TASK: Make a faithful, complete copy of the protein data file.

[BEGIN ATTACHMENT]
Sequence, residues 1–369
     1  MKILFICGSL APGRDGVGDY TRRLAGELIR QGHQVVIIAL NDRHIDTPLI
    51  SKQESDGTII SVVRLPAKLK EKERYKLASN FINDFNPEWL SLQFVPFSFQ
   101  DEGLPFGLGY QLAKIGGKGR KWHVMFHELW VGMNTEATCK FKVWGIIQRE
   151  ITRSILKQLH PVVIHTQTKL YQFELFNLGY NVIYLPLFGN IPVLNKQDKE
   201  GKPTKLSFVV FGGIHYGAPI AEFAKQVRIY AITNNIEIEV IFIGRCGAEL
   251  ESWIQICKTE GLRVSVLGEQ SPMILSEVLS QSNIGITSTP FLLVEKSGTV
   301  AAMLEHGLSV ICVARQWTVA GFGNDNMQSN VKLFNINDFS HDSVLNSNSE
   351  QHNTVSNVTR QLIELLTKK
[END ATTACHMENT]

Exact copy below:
Sequence, residues 1–369
     1  MKILFICGSL APGRDGVGDY TRRLAGELIR QGHQVVIIAL NDRHIDTPLI
    51  SKQESDGTII SVVRLPAKLK EKERYKLASN FINDFNPEWL SLQFVPFSFQ
   101  DEGLPFGLGY QLAKIGGKGR KWHVMFHELW VGMNTEATCK FKVWGIIQRE
   151  ITRSILKQLH PVVIHTQTKL YQFELFNLGY NVIYLPLFGN IPVLNKQDKE
   201  GKPTKLSFVV FGGIHYGAPI AEFAKQVRIY AITNNIEIEV IFIGRCGAEL
   251  ESWIQICKTE GLRVSVLGEQ SPMILSEVLS QSNIGITSTP FLLVEKSGTV
   301  AAMLEHGLSV ICVARQWTVA GFGNDNMQSN VKLFNINDFS HDSVLNSNSE
   351  QHNTVSNVTR QLIELLTKK